A.M. Splash: Guv vs. Dems on Some Budget Cuts; Plug Pulled on Some Pell Grants; SF Recology Vote
- Governor seeks to cut programs Dems pledge to save (SF Chronicle)
Gov. Jerry Brown’s latest budget proposal attempts to close a formidable $15.7 billion deficit, but the real debate at the Capitol in the next few weeks probably will be over how to cut just a fraction of the big amount. That’s because about $2 billion in the governor’s budget represents permanent reductions in spending on state welfare, child care and other programs that Democratic leaders in the Senate and Assembly have pledged to protect.
- Congress pulls plug on Pell Grants; thousands of students affected (Bay Area News Group)
…The changes take effect July 1…Among those who will lose Pell Grants in the summer are at least 65,000 new college students without high school diplomas and 63,000 who…have spent more than six years in college. Changes in income requirements will reduce or eliminate grants for nearly 300,000 others.
- Movers and shakers oppose ending trash monopoly (SF Chronicle)
San Francisco’s Democratic, Republican and Green parties are rarely on the same side of a political tussle. The Chamber of Commerce doesn’t play well with the San Francisco Labor Council and the San Francisco Tenants Union is almost never an ally of the city’s Building Owners and Managers Association. But these groups and almost every other maker and shaker in the city oppose Proposition A on the June 5 ballot, a measure that could end Recology’s 80-year monopoly on garbage collection in San Francisco by forcing the first competitive bid on that contract since the Depression era.
- PG&E pledges crackdown on repeated pressure surges (SF Chronicle)
Pacific Gas and Electric Co. has accidentally over-pressurized pipelines on its gas system more than 120 times since the San Bruno explosion – a rate that the company’s top gas official says is unacceptable and that experts fear could increase the risk of a similar disaster.
- Lucas Grady Ranch fallout spurs county war on red tape (Marin Independent Journal)
Spurred by the dramatic collapse of Lucasfilm’s Grady Ranch studio proposal, Marin officials want to streamline the development review process in order to facilitate projects that are in line with county planning policies. To do that, county officials are poised to give a citizens committee a broad charter to study everything from reform of state environmental law to making it easier for projects to get permits by cutting red tape.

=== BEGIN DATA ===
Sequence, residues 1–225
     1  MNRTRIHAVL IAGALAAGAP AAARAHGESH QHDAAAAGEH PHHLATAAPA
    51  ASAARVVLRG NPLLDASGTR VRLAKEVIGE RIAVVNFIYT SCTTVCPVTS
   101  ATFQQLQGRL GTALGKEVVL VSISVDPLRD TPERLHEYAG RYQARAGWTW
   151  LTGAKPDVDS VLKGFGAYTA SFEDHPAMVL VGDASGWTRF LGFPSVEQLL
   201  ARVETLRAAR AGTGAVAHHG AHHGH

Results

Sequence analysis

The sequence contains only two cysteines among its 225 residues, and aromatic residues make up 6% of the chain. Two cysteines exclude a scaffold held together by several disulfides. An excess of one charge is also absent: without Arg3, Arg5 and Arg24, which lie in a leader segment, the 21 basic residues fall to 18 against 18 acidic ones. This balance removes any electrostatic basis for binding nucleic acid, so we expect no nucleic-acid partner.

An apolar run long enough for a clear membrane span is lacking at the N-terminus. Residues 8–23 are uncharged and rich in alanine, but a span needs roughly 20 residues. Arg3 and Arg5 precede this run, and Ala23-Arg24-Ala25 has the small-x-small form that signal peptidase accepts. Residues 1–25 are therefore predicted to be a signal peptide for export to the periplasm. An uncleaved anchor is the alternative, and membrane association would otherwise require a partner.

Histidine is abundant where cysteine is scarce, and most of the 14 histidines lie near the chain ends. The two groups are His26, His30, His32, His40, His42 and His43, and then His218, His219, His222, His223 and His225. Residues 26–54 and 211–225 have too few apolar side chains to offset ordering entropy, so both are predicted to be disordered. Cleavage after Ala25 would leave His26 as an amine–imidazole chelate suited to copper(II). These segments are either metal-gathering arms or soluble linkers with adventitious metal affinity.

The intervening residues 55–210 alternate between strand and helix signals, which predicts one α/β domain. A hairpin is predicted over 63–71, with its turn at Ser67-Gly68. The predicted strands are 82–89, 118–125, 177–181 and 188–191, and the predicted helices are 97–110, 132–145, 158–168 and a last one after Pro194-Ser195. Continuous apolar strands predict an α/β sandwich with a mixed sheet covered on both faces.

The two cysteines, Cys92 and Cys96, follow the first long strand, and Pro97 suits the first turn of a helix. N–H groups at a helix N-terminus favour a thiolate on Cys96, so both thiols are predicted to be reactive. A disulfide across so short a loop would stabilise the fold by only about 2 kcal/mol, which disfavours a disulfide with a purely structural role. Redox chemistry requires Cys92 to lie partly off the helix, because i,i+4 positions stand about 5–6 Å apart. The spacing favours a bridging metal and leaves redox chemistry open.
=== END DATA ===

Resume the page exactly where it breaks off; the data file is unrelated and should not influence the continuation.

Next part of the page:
- Many Bay to Breakers revelers feel no need for speed at wacky race (SF Examiner)
…Elite runners Sammy Kitwara of Kenya and Mamitu Daska of Ethiopia snagged first-place finishes in the men’s and women’s fields, respectively, and they were followed by the masses of revelers wearing everything from neon tutus to “Angry Birds” costumes to fairy tale characters, such as 27-year-old Donald Moore and his Snow White dress.
- Muni uses feds’ funds for cameras it doesn’t use (Matier & Ross, SF Chronicle)
Muni has been awarded more than $37 million in federal homeland security and other grants over the past five years for cameras to safeguard its buses, rail stations and maintenance yards – but it turns out the transit agency has installed fewer than 50 of them.
- Golden State Warriors mum on purported move to San Francisco (SJ Mercury News)
Amid reports that the Warriors have agreed to a deal for a new arena in San Francisco for 2017, team co-owner Joe Lacob issued a classic non-denial denial Sunday: “We are not prepared to make any announcements at this time,” Lacob said in an email.
- Mudflats prove daunting hurdle to Hercules’ vision of creating ferry link to San Francisco (Contra Costa Times)
…The ferry would dock somewhere across the tracks from a planned Hercules passenger train station and bus transfer area along Bayfront Boulevard. But nautical depth charts reveal a serious inconvenience: Hercules’ shoreline is mired in mud and shallows, extending more than a half-mile into the Bay — a fact that often goes unmentioned during discussions of the proposed transit center. Other times, it gets brushed off as readily solvable by the dredging of a channel or by the deployment of hovercraft, vessels that ride a cushion of air and can navigate in shallow waters and even onto beaches.